I’ve never worried much about what other lawyers had to say. The online world is filled with self-proclaimed “thought leaders” in a loose association of lawyers inhabiting the “blawgosphere.” It’s a tedious club of otherwise agile minds striving to become old before their time – iconoclasts with crayons, eager to color within the lines.
What flows from the electronic water cooler always leaves me thirsty.
So several years ago, I started to dabble on Twitter and Facebook. I developed followers and hosted, in particular on Facebook, raucous, and sometimes ugly, debates – most readers weren’t lawyers. It was fun, while it lasted.
I began to wonder whether it wise when a client took note of the postings, and wondered whether I was criticizing the client in veiled terms. I wasn’t. Another client accused me of violating the attorney-client privilege by writing in general terms about an issue common enough in cases of the sort the client brought. I didn’t.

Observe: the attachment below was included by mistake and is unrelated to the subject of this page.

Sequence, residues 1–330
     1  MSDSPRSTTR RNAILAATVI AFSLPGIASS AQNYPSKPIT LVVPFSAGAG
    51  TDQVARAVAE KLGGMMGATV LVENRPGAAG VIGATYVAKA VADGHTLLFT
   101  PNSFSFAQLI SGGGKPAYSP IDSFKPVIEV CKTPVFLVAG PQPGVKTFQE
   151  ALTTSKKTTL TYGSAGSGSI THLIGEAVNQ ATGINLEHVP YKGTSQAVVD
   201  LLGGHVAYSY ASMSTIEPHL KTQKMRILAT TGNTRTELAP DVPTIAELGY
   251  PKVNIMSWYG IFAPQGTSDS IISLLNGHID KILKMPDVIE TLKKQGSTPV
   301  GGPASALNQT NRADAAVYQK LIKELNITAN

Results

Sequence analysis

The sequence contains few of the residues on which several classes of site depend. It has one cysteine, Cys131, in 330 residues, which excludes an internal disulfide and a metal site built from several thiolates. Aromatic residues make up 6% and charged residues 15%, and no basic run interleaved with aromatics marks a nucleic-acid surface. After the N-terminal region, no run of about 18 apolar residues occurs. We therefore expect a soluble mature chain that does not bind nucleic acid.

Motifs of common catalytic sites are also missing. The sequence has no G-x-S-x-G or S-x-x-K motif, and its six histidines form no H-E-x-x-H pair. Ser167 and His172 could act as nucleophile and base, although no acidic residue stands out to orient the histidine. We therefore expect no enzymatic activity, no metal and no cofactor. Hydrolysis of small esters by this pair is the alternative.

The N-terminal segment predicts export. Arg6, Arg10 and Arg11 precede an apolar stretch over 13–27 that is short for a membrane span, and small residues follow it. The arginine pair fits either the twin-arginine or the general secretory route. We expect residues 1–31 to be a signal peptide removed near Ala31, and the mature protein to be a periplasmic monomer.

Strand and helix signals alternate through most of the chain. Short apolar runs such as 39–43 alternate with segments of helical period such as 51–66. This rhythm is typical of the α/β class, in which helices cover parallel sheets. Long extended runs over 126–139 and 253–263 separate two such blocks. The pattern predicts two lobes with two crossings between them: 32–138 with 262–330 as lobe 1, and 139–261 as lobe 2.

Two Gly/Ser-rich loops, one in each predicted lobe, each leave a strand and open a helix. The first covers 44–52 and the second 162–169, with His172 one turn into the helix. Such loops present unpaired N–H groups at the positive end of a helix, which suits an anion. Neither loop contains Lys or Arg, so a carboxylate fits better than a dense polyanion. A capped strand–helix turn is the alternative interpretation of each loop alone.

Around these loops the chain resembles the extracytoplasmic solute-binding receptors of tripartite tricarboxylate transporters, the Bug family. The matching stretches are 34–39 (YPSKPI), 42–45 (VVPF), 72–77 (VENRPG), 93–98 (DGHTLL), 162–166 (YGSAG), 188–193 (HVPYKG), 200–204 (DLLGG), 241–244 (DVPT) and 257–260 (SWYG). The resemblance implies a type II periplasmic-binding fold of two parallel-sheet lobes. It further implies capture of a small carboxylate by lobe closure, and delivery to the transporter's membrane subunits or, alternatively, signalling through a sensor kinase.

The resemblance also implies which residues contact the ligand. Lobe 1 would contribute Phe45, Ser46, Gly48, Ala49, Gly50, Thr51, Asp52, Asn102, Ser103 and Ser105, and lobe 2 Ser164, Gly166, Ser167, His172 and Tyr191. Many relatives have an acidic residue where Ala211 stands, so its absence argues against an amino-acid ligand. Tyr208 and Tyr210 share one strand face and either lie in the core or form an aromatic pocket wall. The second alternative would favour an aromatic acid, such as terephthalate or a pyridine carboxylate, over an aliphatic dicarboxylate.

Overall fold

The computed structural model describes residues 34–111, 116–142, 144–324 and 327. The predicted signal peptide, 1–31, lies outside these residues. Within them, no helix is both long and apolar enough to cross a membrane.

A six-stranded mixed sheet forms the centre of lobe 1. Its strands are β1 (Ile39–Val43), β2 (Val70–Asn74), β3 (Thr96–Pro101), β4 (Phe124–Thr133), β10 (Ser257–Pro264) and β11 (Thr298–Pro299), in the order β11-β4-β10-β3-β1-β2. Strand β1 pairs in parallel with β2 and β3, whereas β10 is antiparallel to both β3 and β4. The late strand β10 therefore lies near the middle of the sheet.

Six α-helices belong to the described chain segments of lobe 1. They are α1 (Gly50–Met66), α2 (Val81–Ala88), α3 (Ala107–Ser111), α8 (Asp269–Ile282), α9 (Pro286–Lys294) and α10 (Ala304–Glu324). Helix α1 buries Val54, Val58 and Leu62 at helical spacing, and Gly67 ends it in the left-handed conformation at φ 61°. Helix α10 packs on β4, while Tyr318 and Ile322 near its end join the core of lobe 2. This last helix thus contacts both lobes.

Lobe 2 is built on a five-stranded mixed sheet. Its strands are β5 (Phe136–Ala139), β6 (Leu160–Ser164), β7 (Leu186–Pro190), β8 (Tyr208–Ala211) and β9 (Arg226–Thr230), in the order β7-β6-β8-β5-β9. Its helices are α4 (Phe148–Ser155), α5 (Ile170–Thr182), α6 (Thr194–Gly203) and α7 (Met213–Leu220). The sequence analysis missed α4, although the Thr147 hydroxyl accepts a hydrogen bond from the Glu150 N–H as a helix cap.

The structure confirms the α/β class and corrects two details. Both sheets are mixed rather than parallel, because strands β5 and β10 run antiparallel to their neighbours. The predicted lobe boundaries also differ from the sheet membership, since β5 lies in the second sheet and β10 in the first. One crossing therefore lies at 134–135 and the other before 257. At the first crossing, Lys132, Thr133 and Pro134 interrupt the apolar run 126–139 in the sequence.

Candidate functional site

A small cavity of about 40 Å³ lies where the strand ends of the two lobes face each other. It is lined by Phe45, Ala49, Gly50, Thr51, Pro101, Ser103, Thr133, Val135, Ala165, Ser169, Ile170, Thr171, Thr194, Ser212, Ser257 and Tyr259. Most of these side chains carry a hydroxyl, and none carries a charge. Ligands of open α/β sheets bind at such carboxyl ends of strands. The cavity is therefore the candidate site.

Fighting off their complaints was time-consuming, but easy enough to accomplish.
The complaints that I could not so easily fend off came from a source I never expected: my family. I was informed that my recent rightward tilt in politics was embarrassing. I was urged to consider avoiding some topics.
The imperatives of my overweening ego ran smack dab into the need to keep peace at home. Should I submit to a little bit of domestic censorship to keep peace on the homestead?
Lawyers talk about balancing competing interests all the time. How to balance my family’s concerns against my overweening ego’s need to stir things up?
In the end, it was no choice at all: I pulled the plug on Facebook and Twitter.
I suppose I’ll miss the ease of cheap and easy digital warfare. But I’ll hear less about my many failings at home. I suspect that means I’ll sleep better, too, even if my “electronic footprint” shrinks by a size or two.